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The Complete Lunar New Year Guide Pt.2

Last update:2016-11-23 13:01:59


Custom 6: January 1 (Lunar) Spring is Officially in Action

Firecrackers are lit during the countdown to new year to drive away the creature Nian who used to scare the farmers. By the morning of January 1st, everyone, and I mean probably include your mom’s dog she walks everyday, goes out and greets everyone they know from friends, neighbors, to the bosses they usually hate. However, women who are married are traditionally not allowed or shun on for going back their original family on this day as they are considered a part of their husband's family instead of their original family.

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Smell That? The Taste of Lunar New Year on its Way!

Last update:2016-11-23 12:56:39

It's that time of the Lunar New Year again! Have you been summoned to help on New Year's shopping?

Speaking of New Year Essentials, it's gotta be the DiHua Street of Taipei's Dadaocheng business district.
Dadaocheng's trading activity started around the end of Qing dynasty to the early stage of Japanese Occupation, mainly focusing on North&South groceries and teas. After 1945, the street becomes the wholesaler center for Groceries, Chinese Medicine, and Textiles. Most of the buildings still have their traditional looks, not only recording the history of Taipei but also Taiwan's history of international trading and business development. Now Dadaocheng has integrated the traditional structure and it's culturally creative content, the area has attracted a new crowd of tourist coming for its historic and archaic vibe. Not to mention the craziness of families doing New Year's Shopping around the Lunar New Year week. Barely any room to even turn your shoulders, DiHua Street's crowd of people and the different dried goods sold in the store can definitely represent something unique of Taipei.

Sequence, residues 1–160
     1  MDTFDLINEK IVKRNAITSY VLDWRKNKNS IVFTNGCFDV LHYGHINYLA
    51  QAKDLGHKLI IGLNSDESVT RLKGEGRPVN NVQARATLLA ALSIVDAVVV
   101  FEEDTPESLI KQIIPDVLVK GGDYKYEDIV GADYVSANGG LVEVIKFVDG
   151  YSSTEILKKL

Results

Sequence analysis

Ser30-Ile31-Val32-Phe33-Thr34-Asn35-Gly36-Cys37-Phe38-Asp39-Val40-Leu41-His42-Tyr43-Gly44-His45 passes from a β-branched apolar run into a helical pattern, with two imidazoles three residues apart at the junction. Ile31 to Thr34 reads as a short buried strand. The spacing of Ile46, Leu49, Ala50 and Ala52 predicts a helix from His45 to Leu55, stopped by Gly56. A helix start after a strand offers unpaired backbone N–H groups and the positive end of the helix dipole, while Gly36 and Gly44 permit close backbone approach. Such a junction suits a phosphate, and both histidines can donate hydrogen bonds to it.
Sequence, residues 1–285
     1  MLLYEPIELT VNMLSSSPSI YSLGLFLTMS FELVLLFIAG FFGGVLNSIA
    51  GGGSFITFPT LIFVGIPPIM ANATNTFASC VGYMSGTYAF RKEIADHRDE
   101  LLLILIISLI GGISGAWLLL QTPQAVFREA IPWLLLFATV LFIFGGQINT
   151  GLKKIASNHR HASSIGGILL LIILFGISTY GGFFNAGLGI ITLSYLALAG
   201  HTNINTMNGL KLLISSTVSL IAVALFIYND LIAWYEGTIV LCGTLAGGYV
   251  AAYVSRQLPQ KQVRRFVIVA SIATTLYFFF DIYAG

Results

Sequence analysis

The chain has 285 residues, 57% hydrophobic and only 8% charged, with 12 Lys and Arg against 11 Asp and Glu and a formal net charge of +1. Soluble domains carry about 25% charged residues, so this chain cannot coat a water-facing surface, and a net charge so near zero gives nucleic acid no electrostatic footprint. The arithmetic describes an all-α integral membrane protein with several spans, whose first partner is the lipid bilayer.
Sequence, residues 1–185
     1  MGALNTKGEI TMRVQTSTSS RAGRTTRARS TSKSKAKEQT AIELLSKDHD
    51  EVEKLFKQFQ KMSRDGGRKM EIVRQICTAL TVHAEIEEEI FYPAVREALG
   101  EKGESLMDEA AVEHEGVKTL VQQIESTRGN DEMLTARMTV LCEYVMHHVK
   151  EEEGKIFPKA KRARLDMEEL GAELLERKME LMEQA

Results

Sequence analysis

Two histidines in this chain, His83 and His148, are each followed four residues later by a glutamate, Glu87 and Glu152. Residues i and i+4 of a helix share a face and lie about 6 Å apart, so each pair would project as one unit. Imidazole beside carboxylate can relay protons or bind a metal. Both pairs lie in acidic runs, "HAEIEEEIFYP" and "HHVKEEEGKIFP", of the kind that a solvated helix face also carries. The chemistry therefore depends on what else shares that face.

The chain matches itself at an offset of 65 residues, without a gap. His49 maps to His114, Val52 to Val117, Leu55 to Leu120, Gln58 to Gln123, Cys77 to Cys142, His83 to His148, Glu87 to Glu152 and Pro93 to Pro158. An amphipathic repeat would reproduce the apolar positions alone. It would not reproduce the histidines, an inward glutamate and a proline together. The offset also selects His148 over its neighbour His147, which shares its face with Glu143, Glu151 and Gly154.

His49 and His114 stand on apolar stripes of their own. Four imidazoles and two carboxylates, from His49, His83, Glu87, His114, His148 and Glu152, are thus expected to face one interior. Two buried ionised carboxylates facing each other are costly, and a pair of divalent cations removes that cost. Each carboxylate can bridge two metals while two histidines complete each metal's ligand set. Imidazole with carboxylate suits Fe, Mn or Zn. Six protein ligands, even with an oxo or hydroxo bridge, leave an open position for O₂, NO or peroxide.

迪化街 春聯

Whether you're a prepared buyer with lists and deals ready, or a demo person that's hopping in at the right time, or even just a tourist stopping by to experience the Lunar New Year feel, DiHua Street has something for everyone. Rows after rows of cooked food and dried goods ready to lure you, store shouting out sale and bargaining on this side, countless signature items and tastings, all of these asking you the customer to stop and pay with every dime you've got in the wallet. In my honest opinion, it's going to take some effort for you and your wallet to survive DiHua Street during the Festival and New Year times.

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A Match Made in Heaven: Yue Lao in Taipei

Last update:2016-11-23 12:51:37

Relationships and marriage tends to be something that Asian people look to the deities for a definite answer. Even though the younger generations have successfully gained their freedom on choosing partners, the deities and the praying process is still considered as a boost to your luck in love.

133/365  Cupid
Who said the love of god has to be a baby half naked? Image by martinak15. CC:BY-SA